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Induction of PNAd and N-acetylglucosamine 6-O-sulfotransferases 1 and 2 in mouse collagen-induced arthritis



Leukocyte recruitment across blood vessels is fundamental to immune surveillance and inflammation. Lymphocyte homing to peripheral lymph nodes is mediated by the adhesion molecule, L-selectin, which binds to sulfated carbohydrate ligands on high endothelial venules (HEV). These glycoprotein ligands are collectively known as peripheral node addressin (PNAd), as defined by the function-blocking monoclonal antibody known as MECA-79. The sulfation of these ligands depends on the action of two HEV-expressed N-acetylglucosamine 6-O-sulfotransferases: GlcNAc6ST-2 and to a lesser degree GlcNAc6ST-1. Induction of PNAd has also been shown to occur in a number of human inflammatory diseases including rheumatoid arthritis (RA).


In order to identify an animal model suitable for investigating the role of PNAd in chronic inflammation, we examined the expression of PNAd as well as GlcNAc6ST-1 and -2 in collagen-induced arthritis in mice. Here we show that PNAd is expressed in the vasculature of arthritic synovium in mice immunized with collagen but not in the normal synovium of control animals. This de novo expression of PNAd correlates strongly with induction of transcripts for both GlcNAc6ST-1 and GlcNAc6ST-2, as well as the expression of GlcNAc6ST-2 protein.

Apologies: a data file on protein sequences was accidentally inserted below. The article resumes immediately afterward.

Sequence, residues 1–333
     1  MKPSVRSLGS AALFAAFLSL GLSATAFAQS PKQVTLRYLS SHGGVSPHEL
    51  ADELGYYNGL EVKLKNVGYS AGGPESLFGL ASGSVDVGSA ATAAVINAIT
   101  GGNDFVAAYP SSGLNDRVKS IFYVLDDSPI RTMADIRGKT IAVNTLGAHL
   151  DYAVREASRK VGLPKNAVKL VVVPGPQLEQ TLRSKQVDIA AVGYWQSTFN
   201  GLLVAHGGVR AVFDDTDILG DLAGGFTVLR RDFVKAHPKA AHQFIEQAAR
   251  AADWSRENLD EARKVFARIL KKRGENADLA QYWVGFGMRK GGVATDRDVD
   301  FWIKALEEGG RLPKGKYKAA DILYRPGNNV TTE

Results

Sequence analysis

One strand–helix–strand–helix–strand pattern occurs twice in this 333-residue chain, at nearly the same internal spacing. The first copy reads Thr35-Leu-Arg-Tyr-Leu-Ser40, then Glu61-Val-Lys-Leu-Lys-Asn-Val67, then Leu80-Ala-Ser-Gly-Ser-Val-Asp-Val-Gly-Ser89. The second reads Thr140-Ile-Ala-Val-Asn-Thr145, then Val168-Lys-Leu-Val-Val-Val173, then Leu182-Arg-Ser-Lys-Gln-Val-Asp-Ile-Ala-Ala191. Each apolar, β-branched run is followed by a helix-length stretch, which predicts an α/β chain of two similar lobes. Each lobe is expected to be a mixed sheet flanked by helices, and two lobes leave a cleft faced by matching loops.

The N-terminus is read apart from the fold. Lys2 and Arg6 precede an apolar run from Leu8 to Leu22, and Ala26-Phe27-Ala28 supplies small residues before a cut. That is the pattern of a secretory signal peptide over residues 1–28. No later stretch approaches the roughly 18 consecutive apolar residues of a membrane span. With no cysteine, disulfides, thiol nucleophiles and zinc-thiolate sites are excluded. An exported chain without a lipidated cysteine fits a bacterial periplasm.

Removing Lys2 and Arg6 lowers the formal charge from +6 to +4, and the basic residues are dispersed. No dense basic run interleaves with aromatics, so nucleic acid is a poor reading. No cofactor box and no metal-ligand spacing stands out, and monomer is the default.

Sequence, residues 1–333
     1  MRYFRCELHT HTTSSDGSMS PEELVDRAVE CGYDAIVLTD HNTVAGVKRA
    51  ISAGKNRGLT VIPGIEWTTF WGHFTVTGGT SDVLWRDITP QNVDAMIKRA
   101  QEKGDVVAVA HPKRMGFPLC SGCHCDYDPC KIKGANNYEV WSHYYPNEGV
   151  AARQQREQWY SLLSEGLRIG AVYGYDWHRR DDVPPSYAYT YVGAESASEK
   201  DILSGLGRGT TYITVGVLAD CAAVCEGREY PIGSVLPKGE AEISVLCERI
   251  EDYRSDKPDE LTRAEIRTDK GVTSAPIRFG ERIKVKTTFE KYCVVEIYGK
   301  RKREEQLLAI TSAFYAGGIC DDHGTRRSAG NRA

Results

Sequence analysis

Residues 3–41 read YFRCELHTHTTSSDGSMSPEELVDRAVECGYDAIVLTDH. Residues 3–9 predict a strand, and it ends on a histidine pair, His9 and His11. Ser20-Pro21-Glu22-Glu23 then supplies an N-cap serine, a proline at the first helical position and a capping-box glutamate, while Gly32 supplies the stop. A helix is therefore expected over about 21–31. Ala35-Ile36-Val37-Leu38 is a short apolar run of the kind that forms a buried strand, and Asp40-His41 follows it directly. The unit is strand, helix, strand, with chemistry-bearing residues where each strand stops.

Our results demonstrate that PNAd and the sulfotransferases GlcNAc6ST-1 and 2 are induced in mouse collagen-induced arthritis and suggest that PNAd antagonists or inhibitors of the enzymes may have therapeutic benefit in this widely-used mouse model of RA.

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